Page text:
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Charlotte Kirk, a medical research assistant poses in Northampton, Massachusetts, U.S., in 2015. Courtesy Charlotte Kirk/Handout via REUTERS(reuters_tickers)
By Melissa Fares and John Whitesides
(Reuters) - After reading a painful series of "Me Too" stories about sexual harassment and assault on social media, Amanda Crone realized she needed to have a conversation with her husband.
So an anxious Crone, 29, a stay-at-home mother of two young children, put on a movie for her kids and went upstairs to the bedroom of her Hanover, Pennsylvania, home to tell him about being sexually assaulted nine years ago, before they had met.
"It was scary and brought everything back," Crone said with a sigh. She had worried about his reaction, in part because he knew one of the men who had assaulted her a decade earlier. "But it just felt like it was time."
Three weeks after allegations of Hollywood producer Harvey Weinstein's predatory sexual behaviour moved millions of women around the world to use the hashtag #MeToo to share their own stories of abuse on social media, more than 20 women contacted by Reuters say they are still grappling with the fallout. (Graphics on '#MeToo' - http://fingfx.thomsonreuters.com/gfx/rngs/USA-METOO/010051GN3C1/index.html)
While the prevalence of sexual harassment and abuse fuelled a raging public debate, the "Me Too" movement also sparked a series of difficult and revelatory private conversations for some women with their spouses, partners and family members.
Charlotte Kirk, 23, felt compelled to tell her mother about a recent incident when a close friend's boyfriend groped her without consent. She was surprised by the reaction.
"Her response was basically, 'Believe it or not, this doesn’t get better even after you're married and have three kids.' She had been in the exact same position before, too," said Kirk, a medical research assistant in Boston.
Reilly Downes, 28, had a talk with her father after he saw her "Me Too" post about being assaulted and harassed.
"I didn’t go straight into detail about my story - just kind of made it evident that I have experienced that as a woman," said Downes, a dance teacher in Amarillo, Texas. "Of course dads want to protect you like nobody's business, so his response was a little bit more aggressive, angry."
Her father, Kevin Downes, said "no dad ever wants to hear these things."
Weinstein, accused by a number of women of sexual harassment and assault in incidents dating back to the 1980s, has denied having non-consensual sex with anyone.
For some women, the outrage over the Weinstein allegations was heightened by the election of President Donald Trump, who bragged on a decade-old "Access Hollywood" outtake that surfaced during last year's campaign about kissing and touching women because "when you are a star, they let you do it."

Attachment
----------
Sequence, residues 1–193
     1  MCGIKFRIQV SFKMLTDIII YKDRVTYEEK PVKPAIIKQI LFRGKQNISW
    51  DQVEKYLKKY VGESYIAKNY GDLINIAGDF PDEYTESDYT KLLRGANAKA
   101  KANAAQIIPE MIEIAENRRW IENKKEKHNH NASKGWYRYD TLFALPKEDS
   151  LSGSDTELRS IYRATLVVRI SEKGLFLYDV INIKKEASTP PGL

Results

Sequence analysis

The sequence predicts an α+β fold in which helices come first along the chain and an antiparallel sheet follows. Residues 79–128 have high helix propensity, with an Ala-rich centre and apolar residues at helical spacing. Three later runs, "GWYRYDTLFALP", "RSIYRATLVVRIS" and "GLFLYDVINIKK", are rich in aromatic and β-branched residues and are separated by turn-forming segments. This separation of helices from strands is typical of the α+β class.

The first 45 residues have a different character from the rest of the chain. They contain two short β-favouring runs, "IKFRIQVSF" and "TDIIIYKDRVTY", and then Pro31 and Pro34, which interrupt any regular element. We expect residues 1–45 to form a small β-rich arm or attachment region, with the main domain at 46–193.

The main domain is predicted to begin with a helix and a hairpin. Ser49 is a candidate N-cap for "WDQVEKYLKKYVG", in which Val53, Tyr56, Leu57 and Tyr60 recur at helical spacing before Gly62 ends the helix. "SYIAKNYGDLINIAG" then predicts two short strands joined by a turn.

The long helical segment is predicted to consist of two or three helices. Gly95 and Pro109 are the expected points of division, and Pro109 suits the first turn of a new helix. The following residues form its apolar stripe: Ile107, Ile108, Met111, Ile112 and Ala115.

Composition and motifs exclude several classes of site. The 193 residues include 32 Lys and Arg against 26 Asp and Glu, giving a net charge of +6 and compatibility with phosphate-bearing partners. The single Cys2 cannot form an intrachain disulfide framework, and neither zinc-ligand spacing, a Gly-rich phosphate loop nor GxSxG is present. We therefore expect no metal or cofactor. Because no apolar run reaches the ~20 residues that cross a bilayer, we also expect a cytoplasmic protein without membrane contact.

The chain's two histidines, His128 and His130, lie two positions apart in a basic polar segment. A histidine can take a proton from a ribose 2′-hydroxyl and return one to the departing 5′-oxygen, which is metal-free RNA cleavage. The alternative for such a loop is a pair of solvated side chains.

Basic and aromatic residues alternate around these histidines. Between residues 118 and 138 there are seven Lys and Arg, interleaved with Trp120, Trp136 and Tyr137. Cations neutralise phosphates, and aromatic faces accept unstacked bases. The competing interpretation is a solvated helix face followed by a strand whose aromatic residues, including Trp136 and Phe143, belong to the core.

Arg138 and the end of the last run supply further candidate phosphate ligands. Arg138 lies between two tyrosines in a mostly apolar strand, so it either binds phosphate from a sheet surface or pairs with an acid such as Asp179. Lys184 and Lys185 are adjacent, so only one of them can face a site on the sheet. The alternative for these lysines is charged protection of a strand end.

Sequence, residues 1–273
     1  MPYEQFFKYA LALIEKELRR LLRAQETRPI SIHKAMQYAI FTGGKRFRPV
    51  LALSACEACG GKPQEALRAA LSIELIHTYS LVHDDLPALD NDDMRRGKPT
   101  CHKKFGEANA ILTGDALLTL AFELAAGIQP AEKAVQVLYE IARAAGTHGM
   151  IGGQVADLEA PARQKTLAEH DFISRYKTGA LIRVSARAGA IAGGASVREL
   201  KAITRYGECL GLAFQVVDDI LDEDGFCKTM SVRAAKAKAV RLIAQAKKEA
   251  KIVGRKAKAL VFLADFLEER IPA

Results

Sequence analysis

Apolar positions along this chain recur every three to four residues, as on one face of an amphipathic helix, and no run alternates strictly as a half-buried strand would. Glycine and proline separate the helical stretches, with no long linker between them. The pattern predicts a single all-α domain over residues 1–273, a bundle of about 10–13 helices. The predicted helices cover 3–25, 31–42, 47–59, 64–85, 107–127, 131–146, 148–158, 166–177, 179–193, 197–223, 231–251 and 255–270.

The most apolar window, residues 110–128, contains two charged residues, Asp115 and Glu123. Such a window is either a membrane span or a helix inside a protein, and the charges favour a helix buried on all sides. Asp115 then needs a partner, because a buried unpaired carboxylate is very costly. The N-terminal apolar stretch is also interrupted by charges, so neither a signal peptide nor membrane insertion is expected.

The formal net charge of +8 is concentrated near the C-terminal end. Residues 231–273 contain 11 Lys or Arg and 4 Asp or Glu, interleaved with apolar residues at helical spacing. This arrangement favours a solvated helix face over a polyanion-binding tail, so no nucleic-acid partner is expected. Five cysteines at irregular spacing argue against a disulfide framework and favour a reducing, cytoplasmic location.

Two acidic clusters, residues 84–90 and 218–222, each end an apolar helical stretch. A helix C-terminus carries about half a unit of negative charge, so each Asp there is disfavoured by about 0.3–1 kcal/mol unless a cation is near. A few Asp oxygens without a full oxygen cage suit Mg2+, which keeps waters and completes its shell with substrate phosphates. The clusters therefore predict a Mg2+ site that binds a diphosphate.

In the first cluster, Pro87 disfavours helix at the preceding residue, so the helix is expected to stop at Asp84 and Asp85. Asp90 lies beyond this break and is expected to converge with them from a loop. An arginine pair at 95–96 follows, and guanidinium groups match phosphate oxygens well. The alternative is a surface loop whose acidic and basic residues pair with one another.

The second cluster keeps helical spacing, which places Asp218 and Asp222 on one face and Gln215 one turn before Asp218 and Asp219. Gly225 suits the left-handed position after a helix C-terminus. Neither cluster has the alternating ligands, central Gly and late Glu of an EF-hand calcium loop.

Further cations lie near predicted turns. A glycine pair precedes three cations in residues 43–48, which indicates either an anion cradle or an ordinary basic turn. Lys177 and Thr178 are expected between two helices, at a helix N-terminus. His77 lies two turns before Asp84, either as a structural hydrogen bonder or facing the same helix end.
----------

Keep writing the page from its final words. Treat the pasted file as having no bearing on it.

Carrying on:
The Trump tape followed a string of harassment and assault cases involving well-known and powerful men, including comedian Bill Cosby, who denied sexual assault allegations by dozens of women.
Trump's subsequent victory over Democrat Hillary Clinton, the first woman presidential nominee of a major U.S. political party, was a "wake-up call" for many women, said Karin Roland of the women's advocacy group UltraViolet.
To remind people of the "Access Hollywood" tape, UltraViolet parked a large screen on the Mall near the Washington Monument recently to play the tape repeatedly for 12 hours on the one-year anniversary of its release.
Trump apologised last year for his "Access Hollywood" comments, which he called "locker room talk." He told reporters two weeks ago that allegations of sexual assault and misconduct levelled at him before the election by several women were "made-up stuff."
Activist Tarana Burke first created the "Me Too" campaign a decade ago to reach sexual assault victims in underprivileged communities. But it became a rallying cry after the Weinstein allegations, when actress Alyssa Milano urged women who had been victims of sexual assault and harassment to use it as a way to convey the scale of the problem.
In a Reuters/Ipsos online poll of 1,832 people taken Oct. 20-24, more than half of all adults said they had experienced an unwanted verbal or physical sexual advance. Of those, 11 percent said they had posted a "Me Too" status and 14 percent had reposted or engaged in a "Me Too" conversation without sharing a personal experience. Forty-four percent said they had seen the campaign but not participated. (http://tmsnrt.rs/2gPHRr0)
Leona Waller, 25, a freelance writer in Berkeley, California, said she sat up in bed to prepare her "Me Too" post as her boyfriend slept next to her. She had never directly told him about a sexual assault in college "when no didn’t mean no" to her attacker.
"I actually handed him my phone and showed him the full post that I had written," she said. "He just hugged me. It was a moment."
But sometimes those conversations are just too painful to have. A father from Alabama contacted through social media, who asked that his name not be used because of the sensitivity of the subject, said he learnt his 22-year-old daughter had been raped after the "Me Too" movement inspired her to tell his wife about it.
He said he is unsure what to say to her about it. "I know of nothing that I could say that would be comforting, other than, 'I love you, and you have nothing to be ashamed of. This is not your fault'," he said.
(Editing by Jason Szep and Mary Milliken)